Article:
Belgrade Underground Tour

Useful Information

Location: City library, Kneza Mihailova 56, Beograd 11000.
(44.820038, 20.453475)
Open: All year Tue 10, Thu 17, Sat 11:30, Sun 14:30, 15.
Fee: Adults EUR 15.
Classification: SubterraneaWater Supply SubterraneaCistern SubterraneaWorld War II Bunker SubterraneaCasemate SubterraneaCellar
Light: LightLED Lighting
Guided tours: D=2.5 h. English Español - Spanish ελληνικά - Greek Français - French
Photography: allowed
Accessibility: no
Address: GO2 Serbia, Strahinjića Bana 36, Beograd 11000, Tel: +381-62-800-15-68. E-mail:
Belgrade Walking Tours, Gospodar Jevremova 49, Beograd 11000, Tel: +381-66-509-17-93. E-mail:
Felix Travel, Obilićev venac 18/4, City passage, Beograd 11000, Tel: +381-11-405-99-56. E-mail:
As far as we know this information was accurate when it was published (see years in brackets), but may have changed since then.
Please check rates and details directly with the companies in question if you need more recent info.


1717-1731 Roman Well or Big Well dug.
1718-1720 Pulvermagazin (gunpowder warehouse) built by the Austrians.
1953 air raid shelter built.


The Belgrade Underground Tour is quite new, and offers a 2.5 tour to several underground site in the city center, mostly inside the Belgrade Fortress Kalemegdan. And it is offered by several operators, tourist agencies, and the tourist bureau. It is intended for foreign tourists, so the guides speak English, and various other foreign languages too on request. On the other hand the fee is charged in Euro and for Serbia quite steep. But it is definitely a good value, and a free wine tasting is also included.

The tour starts with the Roman Well or Big Well. Despite the name it was dug between 1717 and 1731 when the Austrians rebuilt the city. The idea was to have a safe source of drinking water for the castle in times of war, unfortunately it did not work. They never found water, and so finally they stopped construction and used the well as a dungeon and later as a cistern for rain water. The first use of the name Roman Well was in the 19th century. The cistern is quite huge, and there once were wooden ladders which allowed to descend, but they are gone. Today visitors can only look down, though the floor is in darkness and invincible.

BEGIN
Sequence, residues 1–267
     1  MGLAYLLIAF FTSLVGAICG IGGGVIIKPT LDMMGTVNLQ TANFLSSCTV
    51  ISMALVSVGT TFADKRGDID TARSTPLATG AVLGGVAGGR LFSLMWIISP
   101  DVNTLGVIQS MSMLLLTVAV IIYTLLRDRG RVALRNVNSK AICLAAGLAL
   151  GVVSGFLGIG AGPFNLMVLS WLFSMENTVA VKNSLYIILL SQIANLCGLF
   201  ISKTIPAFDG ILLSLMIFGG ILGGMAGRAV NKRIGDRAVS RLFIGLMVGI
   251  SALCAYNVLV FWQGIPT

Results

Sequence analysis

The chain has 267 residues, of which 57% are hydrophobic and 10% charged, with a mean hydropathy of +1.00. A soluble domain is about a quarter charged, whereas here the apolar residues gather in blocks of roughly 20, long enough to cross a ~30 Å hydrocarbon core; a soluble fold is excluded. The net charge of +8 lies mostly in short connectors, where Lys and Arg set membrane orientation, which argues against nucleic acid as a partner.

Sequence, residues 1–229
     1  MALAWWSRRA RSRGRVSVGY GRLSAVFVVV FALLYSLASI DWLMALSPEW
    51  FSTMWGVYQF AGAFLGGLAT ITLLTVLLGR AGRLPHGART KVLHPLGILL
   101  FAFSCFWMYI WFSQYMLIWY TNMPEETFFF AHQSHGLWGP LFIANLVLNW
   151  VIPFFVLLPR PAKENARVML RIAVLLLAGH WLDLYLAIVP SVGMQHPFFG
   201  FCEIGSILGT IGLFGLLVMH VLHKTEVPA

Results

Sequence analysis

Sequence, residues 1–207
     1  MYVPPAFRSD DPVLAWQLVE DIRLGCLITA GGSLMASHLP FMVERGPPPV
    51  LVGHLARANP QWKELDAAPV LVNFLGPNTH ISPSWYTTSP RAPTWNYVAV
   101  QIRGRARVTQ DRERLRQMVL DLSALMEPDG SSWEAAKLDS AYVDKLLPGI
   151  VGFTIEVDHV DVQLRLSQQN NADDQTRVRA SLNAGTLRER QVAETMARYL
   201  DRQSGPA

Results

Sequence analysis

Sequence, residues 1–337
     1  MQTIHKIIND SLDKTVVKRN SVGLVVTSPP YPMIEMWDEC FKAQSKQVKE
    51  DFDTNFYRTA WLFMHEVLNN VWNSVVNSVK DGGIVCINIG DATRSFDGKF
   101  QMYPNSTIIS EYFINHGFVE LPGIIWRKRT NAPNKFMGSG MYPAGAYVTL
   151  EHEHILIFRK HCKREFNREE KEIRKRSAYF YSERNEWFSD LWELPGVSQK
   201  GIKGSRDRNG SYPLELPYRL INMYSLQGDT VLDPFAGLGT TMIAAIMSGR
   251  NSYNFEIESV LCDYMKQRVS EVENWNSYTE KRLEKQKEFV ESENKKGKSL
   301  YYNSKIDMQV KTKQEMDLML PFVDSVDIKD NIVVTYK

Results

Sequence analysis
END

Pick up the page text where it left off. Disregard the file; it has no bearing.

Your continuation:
The second stop is the Air Raid Shelter, which is located inside the castle. Actually there are two bunkers, both were constructed during the 1950s, one has the date October 1953 on the wall. Unfortunately it was so secret, it was completely lost who actually built them and what for. However, there is a small room with three beds, and a cuppola for air defence guns, which are now gone. Obviously it was not a fallout shelter.

The third stop is a Pulvermagazin (gunpowder warehouse) or Barutana built by the Austrians 1718-1720 to store explosives. The huge underground chamber with barrel vault ceiling is used as a museum for Roman sarcophagi, gravestones and altars made of stone. It was a part of the collection of the National Museum, which stored rather random finds from Belgrade and other Serbian sites here in 1970. So they transformed the abandoned warehouse into an exhibition by placing electric light.

The highlight is the fourth and last underground site, a Lagum, which is special for Belgrade. There are numerous Lagums in the city, cellars which were dug into the limestone as cellars and warehouses for goods which were delivered by ships on the nearby Danube. Those cellars can be found under the Savamala, along the Karadordeva road. While some are unused, or still used as cellars, this one was transformed into a wine tavern and hosts the wine tasting at the end of the tour.